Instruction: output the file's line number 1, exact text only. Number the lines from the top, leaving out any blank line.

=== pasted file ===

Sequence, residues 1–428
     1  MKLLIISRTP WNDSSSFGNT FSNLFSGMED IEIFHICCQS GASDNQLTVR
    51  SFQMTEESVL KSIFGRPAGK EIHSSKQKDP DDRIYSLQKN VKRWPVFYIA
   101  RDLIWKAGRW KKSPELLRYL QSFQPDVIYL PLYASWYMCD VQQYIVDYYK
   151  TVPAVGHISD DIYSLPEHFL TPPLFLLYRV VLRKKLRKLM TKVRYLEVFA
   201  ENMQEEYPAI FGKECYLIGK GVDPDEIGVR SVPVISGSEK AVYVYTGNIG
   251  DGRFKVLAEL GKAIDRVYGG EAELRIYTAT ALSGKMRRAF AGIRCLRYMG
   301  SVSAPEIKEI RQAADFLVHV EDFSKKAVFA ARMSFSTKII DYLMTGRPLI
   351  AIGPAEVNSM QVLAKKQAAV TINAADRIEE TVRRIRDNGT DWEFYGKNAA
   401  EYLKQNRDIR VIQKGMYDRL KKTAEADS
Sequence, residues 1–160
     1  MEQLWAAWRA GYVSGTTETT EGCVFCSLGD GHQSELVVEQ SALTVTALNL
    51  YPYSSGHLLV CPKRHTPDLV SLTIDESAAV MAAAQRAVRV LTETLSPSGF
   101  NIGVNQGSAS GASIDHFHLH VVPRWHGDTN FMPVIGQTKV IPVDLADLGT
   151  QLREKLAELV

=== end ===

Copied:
Sequence, residues 1–428